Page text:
It must be pointed out that many conservative Christians, and others, promote prayer in public schools because they believe that if students start the day with a prayer, then they will behave in a more “spiritual” (or ethical) manner the rest of the day. But this assertion is unproven in the positive and disproven in the negative: for example, U.S. prison populations are over 98% believers—and most of them are Christian. Furthermore, as elucidated in Wallace v. Jaffree, many schools have entire class periods dedicated to silent study, which can equally be used for silent prayer or meditation; “moment of silence” laws are unnecessary because a student can pray or meditate on his/her own without an official moment; and, as Rev. Barry W. Lynn of Americans United for Separation of Church and State says, “Students were already allowed to pray, meditate, or reflect under the statute before it was amended. The addition of the word ‘pray’ where it wasn’t needed clearly shows that legislators intended to promote religion, and that’s not their job.”

The obvious observation is that the proposed remedy must address some actual problem: if the “problem” is that students are not praying enough, that is, they are not talking to an invisible, supernatural being who can grant their wishes, are the churches doing so poorly that they have to ask the state to coerce a captive audience? If the problem is not enough time for silent reflection during the day, it would seem not to affect just children—so why is a “moment of silence” not also mandated at work?

Skeptical wags have suggested, considering the state of U.S. education compared with other western countries—by 2012 statistics, 29th in mathematics and 22nd in science—that, instead of a moment of silence, the U.S. needs a moment of science!

July 11: Excommunication (1533)

Posted in Politics, Religion, Science on July 11, 2014 by RJ Evans

ExcommunicatingFrederickIIFrom contributor Ronald Bruce Meyer

It was on this date, July 11, 1533, that Pope Clement VII (pope from 1523-1534) excommunicated England’s King Henry VIII (king from 1509-1547). By Henry’s time the cutting tool of excommunication had lost some of its edge. Of course, any group has the right to expel a member, but the Catholic doctrine then leaves no recourse for avoiding eternal damnation.

What is excommunication? In Roman Catholicism, according to the Catholic Encyclopedia, excommunication—from Latin ex, out of, and communion, communion—literally means “exclusion from the communion.” That is, as “the most serious penalty that the Church can inflict,” excommunication “deprives the guilty Christian of all participation in the common blessings of ecclesiastical society” and requires of the society to shun the excommunicate for his or her “obstinate disobedience.” The punishment is meant to be an incentive to return to the spiritual society, rather than being a permanent expulsion from it. Excommunication is distinguished from anathema in that excommunication separates you from the community; anathema separates you from the Church. Oddly, even if you are excommunicated—even if you avow atheism—you are still considered a Catholic!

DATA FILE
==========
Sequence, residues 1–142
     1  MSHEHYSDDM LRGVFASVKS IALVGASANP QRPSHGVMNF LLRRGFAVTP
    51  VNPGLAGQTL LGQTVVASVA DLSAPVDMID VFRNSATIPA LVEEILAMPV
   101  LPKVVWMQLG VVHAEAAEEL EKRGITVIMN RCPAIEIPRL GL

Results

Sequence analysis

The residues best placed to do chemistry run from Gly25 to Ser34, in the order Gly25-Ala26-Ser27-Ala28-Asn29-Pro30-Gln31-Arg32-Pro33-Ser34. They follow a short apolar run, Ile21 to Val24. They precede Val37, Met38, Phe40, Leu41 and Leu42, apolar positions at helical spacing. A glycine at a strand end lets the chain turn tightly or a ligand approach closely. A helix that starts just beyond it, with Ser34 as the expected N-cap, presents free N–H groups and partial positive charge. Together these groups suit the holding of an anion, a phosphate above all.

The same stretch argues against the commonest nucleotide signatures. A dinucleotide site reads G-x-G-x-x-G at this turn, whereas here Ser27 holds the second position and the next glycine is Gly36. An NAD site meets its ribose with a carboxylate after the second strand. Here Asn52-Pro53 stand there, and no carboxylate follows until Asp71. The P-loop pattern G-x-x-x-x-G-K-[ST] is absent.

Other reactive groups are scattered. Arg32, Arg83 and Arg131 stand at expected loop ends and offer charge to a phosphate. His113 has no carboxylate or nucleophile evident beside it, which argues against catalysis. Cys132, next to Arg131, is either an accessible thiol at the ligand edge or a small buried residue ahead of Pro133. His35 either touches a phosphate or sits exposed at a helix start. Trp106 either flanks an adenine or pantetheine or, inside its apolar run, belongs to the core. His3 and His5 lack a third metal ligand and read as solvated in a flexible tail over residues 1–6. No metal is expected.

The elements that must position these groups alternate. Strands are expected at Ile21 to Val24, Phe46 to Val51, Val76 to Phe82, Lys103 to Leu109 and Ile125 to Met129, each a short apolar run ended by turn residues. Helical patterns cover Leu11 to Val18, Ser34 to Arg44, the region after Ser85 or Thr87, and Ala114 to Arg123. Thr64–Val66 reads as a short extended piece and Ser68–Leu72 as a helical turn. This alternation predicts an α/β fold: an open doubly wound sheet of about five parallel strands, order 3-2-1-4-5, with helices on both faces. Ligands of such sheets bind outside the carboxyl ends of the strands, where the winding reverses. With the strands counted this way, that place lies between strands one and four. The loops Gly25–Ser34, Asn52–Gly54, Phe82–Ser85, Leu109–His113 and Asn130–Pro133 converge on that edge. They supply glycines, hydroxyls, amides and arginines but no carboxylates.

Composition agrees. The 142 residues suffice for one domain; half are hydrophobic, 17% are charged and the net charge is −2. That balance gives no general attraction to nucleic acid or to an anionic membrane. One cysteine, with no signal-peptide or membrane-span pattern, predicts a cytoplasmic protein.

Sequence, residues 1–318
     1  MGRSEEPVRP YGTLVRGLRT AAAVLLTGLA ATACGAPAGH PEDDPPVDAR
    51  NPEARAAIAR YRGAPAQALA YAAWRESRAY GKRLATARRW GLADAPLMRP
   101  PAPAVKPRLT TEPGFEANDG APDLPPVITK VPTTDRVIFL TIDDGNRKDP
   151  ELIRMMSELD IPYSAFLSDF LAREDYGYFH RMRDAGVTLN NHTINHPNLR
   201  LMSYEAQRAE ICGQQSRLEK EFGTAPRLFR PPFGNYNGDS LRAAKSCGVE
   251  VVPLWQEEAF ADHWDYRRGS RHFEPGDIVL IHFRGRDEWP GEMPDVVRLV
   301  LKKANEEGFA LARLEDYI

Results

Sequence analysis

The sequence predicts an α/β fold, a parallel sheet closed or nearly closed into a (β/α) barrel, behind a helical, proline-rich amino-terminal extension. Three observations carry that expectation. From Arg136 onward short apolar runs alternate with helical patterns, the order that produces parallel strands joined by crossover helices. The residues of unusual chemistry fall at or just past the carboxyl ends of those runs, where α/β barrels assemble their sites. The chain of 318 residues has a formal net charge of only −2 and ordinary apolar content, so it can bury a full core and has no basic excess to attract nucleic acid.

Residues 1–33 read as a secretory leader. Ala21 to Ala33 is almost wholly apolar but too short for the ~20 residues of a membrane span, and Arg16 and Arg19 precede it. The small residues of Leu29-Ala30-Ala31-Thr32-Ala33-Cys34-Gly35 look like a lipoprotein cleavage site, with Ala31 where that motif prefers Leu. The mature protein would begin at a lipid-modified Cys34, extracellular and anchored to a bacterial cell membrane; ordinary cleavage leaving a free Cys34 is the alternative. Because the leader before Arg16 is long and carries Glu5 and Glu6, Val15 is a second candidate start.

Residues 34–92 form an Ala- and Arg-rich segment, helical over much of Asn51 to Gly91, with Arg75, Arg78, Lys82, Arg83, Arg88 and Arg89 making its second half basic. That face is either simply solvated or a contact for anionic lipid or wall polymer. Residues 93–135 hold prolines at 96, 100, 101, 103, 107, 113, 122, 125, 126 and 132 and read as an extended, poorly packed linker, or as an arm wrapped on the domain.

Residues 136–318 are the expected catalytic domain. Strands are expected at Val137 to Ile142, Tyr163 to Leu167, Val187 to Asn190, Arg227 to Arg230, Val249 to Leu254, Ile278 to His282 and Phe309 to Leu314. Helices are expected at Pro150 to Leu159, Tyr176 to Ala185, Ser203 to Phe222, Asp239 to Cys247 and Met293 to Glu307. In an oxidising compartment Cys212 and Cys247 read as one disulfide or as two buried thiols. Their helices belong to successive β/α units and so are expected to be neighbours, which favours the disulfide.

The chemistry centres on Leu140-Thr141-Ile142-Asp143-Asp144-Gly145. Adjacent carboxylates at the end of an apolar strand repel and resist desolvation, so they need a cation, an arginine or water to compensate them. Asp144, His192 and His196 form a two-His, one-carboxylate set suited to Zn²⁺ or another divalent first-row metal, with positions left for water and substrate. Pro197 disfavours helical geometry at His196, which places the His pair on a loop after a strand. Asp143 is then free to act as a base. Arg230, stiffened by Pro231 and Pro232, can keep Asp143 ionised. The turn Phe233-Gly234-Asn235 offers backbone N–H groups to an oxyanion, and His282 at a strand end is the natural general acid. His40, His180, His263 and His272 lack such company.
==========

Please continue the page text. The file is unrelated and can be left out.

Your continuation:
As was common with other church doctrines, excommunication was first exercised in Apostolic times to punish heresy or serious misconduct. In the Middle Ages, the Papacy abused it freely and frequently for political advantage—so much so that a bishop would excommunicate a thief who stole his property! The chief disadvantage for an excommunicated monarch was that his or her subjects are released from their obligation of loyalty to the crown. Indeed, there is a venerable collection of kings, queens, individuals and groups who suffered and more or less survived excommunication:

In the first century, Simon Magus (for whom simony was named, that is selling church offices) was excommunicated; in the second century, Valentinus, a proponent of Gnosticism; in the fourth century, Arius, founder of Arian heresy; in the fifth century, Nestorius, proponent of the Nestorian heresy and Eutyches, the proponent of the Monophysite heresy; in the 11th century, Philip I, king of France, for repudiating his marriage and remarrying; in the 12th century, Frederick I Barbarossa, Holy Roman Emperor (for favoring Victor IV as legitimate pope over Alexander III) and, more famously, Archbishop of Canterbury Thomas Becket excommunicated Roger de Pont L’Évêque, archbishop of York, Gilbert Foliot, bishop of London, and Josceline de Bohon, bishop of Salisbury, for crowning the heir-apparent Henry at York, thereby usurping Canterbury’s privileges; in the 13th century, Holy Roman Emperor Frederick II, four times, for fighting with the pope (Gregory IX called him “the antichrist”); in the 14th century, King Philip the Fair of France for failing to respond adequately to Pope Boniface VIII’s letter regarding Philip’s effective rejection of the pope’s temporal authority; in the 15th century a trifecta: Joan of Arc, Jan Hus, founder of the Hussite heresy, and Girolamo Savonarola (also hanged and burned).